Louis Philippe In America


The city of Rochester was no more than a deserted shanty in a swamp. Sometime in the 1840’s King Louis Philippe inspected in a Paris exhibition a giant plateglass window; he was told that it was ordered by a dry-goods store in Rochester. “What! Can it be that that mud-hole is calling for anything of the sort?”

Back in Canandaigua, the party met Captain Charles Williamson, the “Baron of the Backwoods,” agent for the vast Pulteney estate extending from the Genesee country to the Finger Lakes, and builder of wilderness cities complete with theatre and racecourse. At his suggestion the horses, nearly foundered after their long journey, were sent overland by easy stages to meet their riders at Northumberland, Pennsylvania, while the travellers proceeded to Geneva. Here, on July 13, they stopped, certainly at Captain Williamson’s magnificent three-story hotel, erected in 1796 and still today sheltering guests in diminished splendor. Thence they paddled, or sailed, the length of Seneca Lake, and then, on foot, carried their packs twenty miles to Newtown, now Elmira. Here they bought a boat of some sort, no doubt a Durham boat, or flat-bottomed scow, and on it floated down the Chemung and the Susquehanna.

A few miles below Towanda they came to Azilum, that remarkable colony established by a group of French émigrés to offer a refuge to Marie Antoinette and her family. The princes are said to have stopped here. This is possible but unlikely, for Azilum was fiercely legitimist, and the sons of Philippe-Egalité would hardly have been welcome.

They continued down the Susquehanna to WilkesBarre. They seem not to have met their horses, but to have made the last stage of their journey on hired steeds and in public conveyances. They arrived in Philadelphia on or about July 27. They had been four months on the way and had covered well over two thousand difficult miles. They settled, with great relief, into their own house.

But yellow fever raged in sultry Philadelphia, and the gentry had fled the city. Early in October the princes set forth again on their travels. They stopped in New York to cash a !3,000 letter of credit from Gouverneur Morris, then continued by sloop to Providence and by stagecoach to Boston. They lodged at the Hancock House, in Corn Court, just south of Faneuil Hall. Louis Philippe often cited the hostess, the future Mrs. William Brazier, as a model housekeeper. The travellers were received by Boston’s great: Harrison Gray Otis, John Amory, and others. They pushed on to Portsmouth, and were welcomed in the pleasant mansion of Senator John Langdon. They spent a week at the home of Mrs. Martine, on nearby Sagamore Creek. Then onward to visit General Henry Knox in Thomaston, Maine, and General Henry Dearborn (whose name is still sacred in Chicago) at Pittston, near Gardiner on the Kennebec River.

This was the travellers’ farthest north. They turned back to Boston, and put up with a French tailor, James Amblard, at the corner of Marshall and Union streets. The Union Oyster House, on the same site, claims to remember the royal visitor, but the Union Oyster House has been in business a mere 142 years. (Do not believe its story that Louis Philippe set up as a teacher of French; he was well in funds, and anyway he was not in Boston for more than a week.)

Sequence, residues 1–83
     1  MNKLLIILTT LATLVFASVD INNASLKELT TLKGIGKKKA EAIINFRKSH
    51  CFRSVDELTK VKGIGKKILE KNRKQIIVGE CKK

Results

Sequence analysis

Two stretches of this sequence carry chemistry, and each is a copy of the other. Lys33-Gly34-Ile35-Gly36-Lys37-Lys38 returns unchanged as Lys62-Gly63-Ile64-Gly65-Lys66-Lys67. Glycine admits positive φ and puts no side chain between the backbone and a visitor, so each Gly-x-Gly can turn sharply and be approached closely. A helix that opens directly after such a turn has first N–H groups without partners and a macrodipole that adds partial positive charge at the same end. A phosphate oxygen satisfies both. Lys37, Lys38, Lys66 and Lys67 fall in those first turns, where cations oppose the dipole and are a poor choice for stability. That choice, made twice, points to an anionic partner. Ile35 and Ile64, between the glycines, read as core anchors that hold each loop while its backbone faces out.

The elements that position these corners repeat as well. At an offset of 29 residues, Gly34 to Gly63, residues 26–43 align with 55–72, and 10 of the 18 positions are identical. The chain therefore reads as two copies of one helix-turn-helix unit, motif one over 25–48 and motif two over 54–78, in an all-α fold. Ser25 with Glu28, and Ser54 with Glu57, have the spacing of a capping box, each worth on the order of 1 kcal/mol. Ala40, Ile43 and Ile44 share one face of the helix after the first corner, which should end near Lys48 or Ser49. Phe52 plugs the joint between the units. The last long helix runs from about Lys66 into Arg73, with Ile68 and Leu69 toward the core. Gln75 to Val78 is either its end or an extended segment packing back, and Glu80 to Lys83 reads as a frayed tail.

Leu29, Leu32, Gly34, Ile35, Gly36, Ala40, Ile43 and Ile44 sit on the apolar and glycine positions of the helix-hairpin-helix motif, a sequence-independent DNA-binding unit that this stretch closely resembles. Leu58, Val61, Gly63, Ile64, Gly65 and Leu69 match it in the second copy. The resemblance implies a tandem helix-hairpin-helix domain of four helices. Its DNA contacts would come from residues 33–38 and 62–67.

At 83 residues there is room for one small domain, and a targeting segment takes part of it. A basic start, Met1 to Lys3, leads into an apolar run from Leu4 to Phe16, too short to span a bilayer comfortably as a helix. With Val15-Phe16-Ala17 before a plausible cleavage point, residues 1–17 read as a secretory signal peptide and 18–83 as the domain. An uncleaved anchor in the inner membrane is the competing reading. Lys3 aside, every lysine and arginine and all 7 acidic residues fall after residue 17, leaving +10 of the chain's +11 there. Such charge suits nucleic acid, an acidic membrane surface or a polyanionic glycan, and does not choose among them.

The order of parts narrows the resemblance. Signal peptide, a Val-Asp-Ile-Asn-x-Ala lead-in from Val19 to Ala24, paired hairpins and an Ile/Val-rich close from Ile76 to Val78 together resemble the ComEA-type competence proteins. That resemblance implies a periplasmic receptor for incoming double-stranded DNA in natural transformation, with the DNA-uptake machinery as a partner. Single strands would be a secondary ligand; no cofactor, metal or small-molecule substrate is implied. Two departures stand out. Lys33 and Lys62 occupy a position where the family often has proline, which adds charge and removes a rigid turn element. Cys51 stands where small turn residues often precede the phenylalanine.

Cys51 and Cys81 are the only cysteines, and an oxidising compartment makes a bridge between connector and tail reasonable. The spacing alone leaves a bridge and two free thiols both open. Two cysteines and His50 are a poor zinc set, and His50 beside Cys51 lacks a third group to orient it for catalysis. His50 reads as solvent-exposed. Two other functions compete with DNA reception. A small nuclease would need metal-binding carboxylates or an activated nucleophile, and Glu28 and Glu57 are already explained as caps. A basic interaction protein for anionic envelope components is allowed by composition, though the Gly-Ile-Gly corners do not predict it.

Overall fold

Back in Philadelphia at November’s end, the brothers learned that the French Directory had deported their mother to Spain. They immediately determined to join her there, declaring: “She shall not remain sonless while we are alive!” But there was a difficulty: England and Spain were at war, and communications between America and Spain were cut off. The princes saw only one possibility—to make their way to New Orleans, then held by the Spanish, and embark on a Spanish blockade-runner. The prospect of a 2,000-mile journey in winter weather could not discourage them.

They set forth, riding westward, on December 10, with good Baudoin; but we hear no more of the globetrotting dog. On the way Beaujolais fell ill. Unwilling to delay, the brothers bought a cart for their transport. In Carlisle, Pennsylvania, their horses took fright and ran away, crashing their cart into a tree and throwing out the occupants. Louis Philippe, though briefly knocked insensible, applied first aid and spectacularly bled himself before an admiring group of citizens. The next day a committee waited upon him and proposed that he should remain in Carlisle as the town physician. After he had become France’s monarch, Louis Philippe loved to tell this story, concluding: “Perhaps I should have lived happier as the Doctor of Carlisle than as King of the French!”

When the princes arrived in familiar Pittsburgh, ice was already forming in the Ohio River, threatening to cut off navigation. They bought a keelboat, a raftlike craft guided by men with poles and a steersman with a sweep-oar. They were in constant danger from floating ice, from the menace of shoals and snags, from thievish Indians and even more thievish rivermen. They grounded once for twenty-four hours, while crewmen and princes worked together to set the vessel free. They arrived at last in New Orleans on February 17, 1798, after two months on the river.

Five weeks later they sailed in an American brig for Havana. On the way they were boarded by a British frigate; its captain proposed to impress the passengers to serve as British seamen, but Louis Philippe assumed his most regal air, revealed himself as the Duc d’Orléans, and successfully threatened the captain with vague governmental reprisals.